Back home, Cait announced she was quitting the band for a life of wedded bliss with Costello. Steve Lillywhite was drafted in to produce, and he elegantly solved the two-year-old problem of how to join the detached sections of Shane and Jem; record them separately and he'd knit them in the edit.

Shane had Chrissie Hynde of The Pretenders in mind for his bawdy lover, but they'd need a guide vocal while they built the track.

Steve suggested Kirsty. She was well known, well liked, and she was in a good place right then, having come up with the running order for the gazillion-selling Joshua Tree when U2 couldn't make up their minds.

Lillywhite recorded Kirsty's guide vocal over a weekend in his home studio. "I spent a whole day on Kirsty's vocals," he recalled. "I made sure every single word had exactly the right nuance. I remember taking it in on Monday morning and playing it to the band and they were just dumbfounded."

Her vocal was so good that Shane felt shamed into rerecording his own. Chrissie Hynde was out. "I was madly in love with Kirsty from the first time I saw her on Top of the Pops," Shane said. "She was a genius in her own right and she was a better producer than Steve! She could make a song her own and she made 'Fairytale' her own."

The title came last. Elvis had suggested 'Christmas Day in the Drink Tank'. Shane nixed it on the grounds it didn't sound like a hit. Finer was reading JP Donleavy's 1973 novel A Fairy Tale of New York, so they lifted that as a warmer, festive choice.

The song tells of "the boys of the NYPD choir still singing Galway Bay". Lacking a choir, the NYPD were happy to lend their pipe band for the video. They didn't know Galway Bay so they played 'The Mickey Mouse Club March' instead. With a sprinkle of studio magic, the end product was a memorable video worthy of an enchanting song.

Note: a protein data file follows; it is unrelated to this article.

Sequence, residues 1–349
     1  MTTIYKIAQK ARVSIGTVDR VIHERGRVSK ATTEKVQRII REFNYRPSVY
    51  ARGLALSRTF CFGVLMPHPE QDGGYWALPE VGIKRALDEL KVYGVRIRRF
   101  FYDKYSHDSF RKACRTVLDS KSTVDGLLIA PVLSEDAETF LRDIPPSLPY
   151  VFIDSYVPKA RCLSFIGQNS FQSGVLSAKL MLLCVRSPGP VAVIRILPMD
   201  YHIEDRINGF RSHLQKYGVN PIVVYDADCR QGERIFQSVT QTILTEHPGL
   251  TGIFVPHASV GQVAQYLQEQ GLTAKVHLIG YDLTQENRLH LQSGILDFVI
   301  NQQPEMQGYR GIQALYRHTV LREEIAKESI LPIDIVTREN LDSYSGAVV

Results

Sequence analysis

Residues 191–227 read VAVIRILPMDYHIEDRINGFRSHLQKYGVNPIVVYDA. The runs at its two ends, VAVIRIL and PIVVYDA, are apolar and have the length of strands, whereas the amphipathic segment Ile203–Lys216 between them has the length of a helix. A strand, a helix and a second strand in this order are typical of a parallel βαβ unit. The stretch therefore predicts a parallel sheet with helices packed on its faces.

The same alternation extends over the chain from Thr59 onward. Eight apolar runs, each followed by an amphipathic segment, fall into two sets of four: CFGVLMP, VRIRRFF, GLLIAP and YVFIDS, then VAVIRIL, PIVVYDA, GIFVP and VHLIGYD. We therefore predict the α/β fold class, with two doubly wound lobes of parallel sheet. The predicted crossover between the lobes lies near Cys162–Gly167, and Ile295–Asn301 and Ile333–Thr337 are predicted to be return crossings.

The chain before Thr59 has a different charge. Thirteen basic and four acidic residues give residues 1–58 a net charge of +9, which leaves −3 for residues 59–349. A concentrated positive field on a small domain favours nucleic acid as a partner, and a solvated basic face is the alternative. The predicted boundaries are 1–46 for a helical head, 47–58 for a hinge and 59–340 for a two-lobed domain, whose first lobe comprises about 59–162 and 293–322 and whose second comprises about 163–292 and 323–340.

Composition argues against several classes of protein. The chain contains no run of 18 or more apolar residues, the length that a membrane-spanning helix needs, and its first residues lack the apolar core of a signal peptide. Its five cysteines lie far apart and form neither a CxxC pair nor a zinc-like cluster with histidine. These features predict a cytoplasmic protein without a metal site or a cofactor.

Years later, with political correctness going madder by the day, the BBC blanked the words "faggot" and "slut" from airplays, before a public backlash forced a speedy U-turn.

The beauty of 'Fairytale', the thing that sets it apart from all those smooth and cheery Christmas classics, is its poignant portrayal of flawed humanity in all its earthiness, its rawness and ultimately in all its loving tenderness.

The closing verse is magnificent poetry in motion.

Him: I could have been someone.

Her: Well so could anyone/You took my dreams from me/

When I first found you.

Him: I kept them with me babe/I put them with my own/

Can't make it all alone/I've built my dreams around you.

Timeless is what they were going for from the start. It took them two years, but timeless is what they got.

Christmas ­classics that never made No1

Happy Xmas (War Is Over)

John Lennon & Yoko Ono (1972)

The ex-Beatle borrowed the trad ballad ‘Skewball’ for this protest against the Vietnam war. It was denied the top spot first by Little Jimmy Osmond’s ‘Long Haired Lover From Liverpool’, and, following his murder in 1980, by St Winifred’s School Choir with ‘There’s No One Quite Like Grandma’.

I Wish It Could Be Christmas Everyday

Wizzard (1973)

Masterminded by Move and ELO founder Roy Wood, this sax-driven classic has charted 13 times since its original release, including the last 10 years unbroken. In its first bid for the Christmas No1 slot, it lost out to Slade’s ‘Merry Christmas Everybody’.

I Believe In Father Christmas

Greg Lake (1975)

A departure from the comical bombast of his day job with Emerson, Lake & Palmer, this gentle ditty has become a standard. Lake called it a protest against the commercialisation of Christmas, then griped when it was far outsold by Queen’s ‘Bohemian Rhapsody’.

Peace On Earth/Little Drummer Boy

David Bowie & Bing Crosby (1982)

Bing’s ‘White Christmas’ is the biggest selling song of all time, while this standard is amongst Bowie’s bestsellers. Recorded in 1977, it was kept at No3 in 1982 by Renée and Renato and Ultravox. Bing died four weeks after recording it.

Last Christmas

Wham! (1984)

This was destined for the Christmas No1 slot from the moment George Michael pulled the naïve melody out of fresh air. It was kept down by Band Aid’s ‘Do They Know it’s Christmas?’, on which he starred. He died on Christmas Day last year, and it’s the bookies’ favourite to take its rightful place this year.